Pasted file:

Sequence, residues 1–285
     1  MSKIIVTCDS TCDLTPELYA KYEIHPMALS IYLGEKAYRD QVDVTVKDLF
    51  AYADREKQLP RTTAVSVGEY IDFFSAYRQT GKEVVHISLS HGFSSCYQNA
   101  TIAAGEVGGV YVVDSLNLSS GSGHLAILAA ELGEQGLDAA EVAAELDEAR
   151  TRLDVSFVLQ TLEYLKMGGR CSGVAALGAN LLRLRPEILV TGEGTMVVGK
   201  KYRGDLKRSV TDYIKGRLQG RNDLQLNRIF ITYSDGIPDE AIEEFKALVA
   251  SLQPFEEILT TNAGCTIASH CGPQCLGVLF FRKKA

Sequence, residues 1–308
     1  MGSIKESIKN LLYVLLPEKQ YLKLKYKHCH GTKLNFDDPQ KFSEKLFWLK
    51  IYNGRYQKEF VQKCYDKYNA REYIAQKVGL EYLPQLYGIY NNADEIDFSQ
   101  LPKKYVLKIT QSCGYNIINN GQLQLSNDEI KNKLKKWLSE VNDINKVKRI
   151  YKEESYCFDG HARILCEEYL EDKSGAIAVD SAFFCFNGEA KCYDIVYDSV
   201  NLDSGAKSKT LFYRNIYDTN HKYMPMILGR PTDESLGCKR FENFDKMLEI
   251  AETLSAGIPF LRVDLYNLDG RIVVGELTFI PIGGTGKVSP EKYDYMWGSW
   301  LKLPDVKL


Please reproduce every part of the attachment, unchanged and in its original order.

Sequence, residues 1–285
     1  MSKIIVTCDS TCDLTPELYA KYEIHPMALS IYLGEKAYRD QVDVTVKDLF
    51  AYADREKQLP RTTAVSVGEY IDFFSAYRQT GKEVVHISLS HGFSSCYQNA
   101  TIAAGEVGGV YVVDSLNLSS GSGHLAILAA ELGEQGLDAA EVAAELDEAR
   151  TRLDVSFVLQ TLEYLKMGGR CSGVAALGAN LLRLRPEILV TGEGTMVVGK
   201  KYRGDLKRSV TDYIKGRLQG RNDLQLNRIF ITYSDGIPDE AIEEFKALVA
   251  SLQPFEEILT TNAGCTIASH CGPQCLGVLF FRKKA

Sequence, residues 1–308
     1  MGSIKESIKN LLYVLLPEKQ YLKLKYKHCH GTKLNFDDPQ KFSEKLFWLK
    51  IYNGRYQKEF VQKCYDKYNA REYIAQKVGL EYLPQLYGIY NNADEIDFSQ
   101  LPKKYVLKIT QSCGYNIINN GQLQLSNDEI KNKLKKWLSE VNDINKVKRI
   151  YKEESYCFDG HARILCEEYL EDKSGAIAVD SAFFCFNGEA KCYDIVYDSV
   201  NLDSGAKSKT LFYRNIYDTN HKYMPMILGR PTDESLGCKR FENFDKMLEI
   251  AETLSAGIPF LRVDLYNLDG RIVVGELTFI PIGGTGKVSP EKYDYMWGSW
   301  LKLPDVKL